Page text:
Umar Kiyimba the Electoral Commission officer in charge Elgon responds to questions during the meeting at Wash and Wills Hotel while Peninah Sekabembe, the EC principal election officer looks on.
Umar Kiyimba, the electoral commission officer in charge of Elgon region explained that the main requirement will be the existence of the voter?s name on the polling registers rather than the national identity card.
?Most of the data from the national identity card process was collected from the national polling register. So as long as a person?s name is on the polling register, they will be eligible for voting irrespective of whether they have the national identity card or not,? Kiyimba explained.
Kiyimba was responding to concerns from Joseph Okwakao, the Kween Resident District Commissioner during a regional meeting between the commission and officials from Elgon Bukedi and Sebei region on the ongoing preparatory processes ahead forthcoming elections. The meeting was held at Wash and Wills Hotel in Mbale district.
Okwakao had said with elections drawing closer, the delay in the distribution of IDs is already taking a toll on the electorate as some are worried about being able to vote without them.
To create a credible source of identification among citizens, the Uganda Government last year intensified the process of registering citizens from ages 16 for national identity cards. The IDs were partly an initiative to ease identification of genuine electorate to weed out allegations that riddled previous polls of massive voting by non-citizens.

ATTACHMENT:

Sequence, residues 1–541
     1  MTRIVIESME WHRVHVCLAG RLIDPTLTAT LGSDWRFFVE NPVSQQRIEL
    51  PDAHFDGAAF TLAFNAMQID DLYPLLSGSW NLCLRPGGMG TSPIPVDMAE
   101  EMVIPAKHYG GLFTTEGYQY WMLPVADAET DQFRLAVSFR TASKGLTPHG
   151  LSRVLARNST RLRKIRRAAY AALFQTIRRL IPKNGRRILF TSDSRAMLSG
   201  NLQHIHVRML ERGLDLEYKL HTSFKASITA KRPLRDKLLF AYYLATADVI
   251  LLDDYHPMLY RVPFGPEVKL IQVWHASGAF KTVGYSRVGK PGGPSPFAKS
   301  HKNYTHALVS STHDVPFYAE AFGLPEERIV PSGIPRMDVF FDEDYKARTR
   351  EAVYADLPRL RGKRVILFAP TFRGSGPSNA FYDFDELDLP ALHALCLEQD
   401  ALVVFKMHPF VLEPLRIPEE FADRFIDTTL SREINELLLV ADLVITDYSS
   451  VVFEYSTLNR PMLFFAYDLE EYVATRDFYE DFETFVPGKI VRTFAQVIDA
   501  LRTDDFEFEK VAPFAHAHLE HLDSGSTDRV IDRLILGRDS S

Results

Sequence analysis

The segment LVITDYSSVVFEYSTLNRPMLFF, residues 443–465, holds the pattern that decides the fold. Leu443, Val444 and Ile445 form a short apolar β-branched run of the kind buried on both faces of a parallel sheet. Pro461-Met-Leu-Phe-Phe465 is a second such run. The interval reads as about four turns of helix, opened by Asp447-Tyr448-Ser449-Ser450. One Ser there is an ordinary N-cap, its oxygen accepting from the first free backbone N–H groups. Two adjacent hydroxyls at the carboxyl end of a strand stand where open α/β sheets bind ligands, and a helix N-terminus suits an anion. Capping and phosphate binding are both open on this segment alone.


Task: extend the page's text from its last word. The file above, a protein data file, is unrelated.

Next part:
Over 15 million people registered for the cards, according to the internal affairs ministry. From the onset of the exercise, senior Government officials including Badru Kiggundu, the commission chairperson, had stated that without the national identity card, one would not be eligible for voting.
The Government is currently distributing the identity cards in 72 districts of the total 112 in the country, before the rollout to the rest of the country.
However, the process has had its fair share of setbacks ranging from the slow response from citizens to pick up their IDs to technical mistakes in the already printed IDs.
?Whereas other details on my ID are okay, the date of birth is wrong. I indicated during registration that I was born in 1988 but the birth date on the ID reads 1976. I need to contest for Kotido district youth councillorship seat but the ID makes me ineligible since contestants for the seat must be below 30 years. I returned it for correction,? complained Peter Ekapel, a youth aspirant.
But Kiyimba explained that rectifying such blunders takes a while since the focus is currently on mass distribution of the existing identity cards.
He, however, noted that there would be no fraud in the forthcoming polls as the commission will use the biometric system to avoid polling irregularities.
By Daniel Edyegu, The New Vision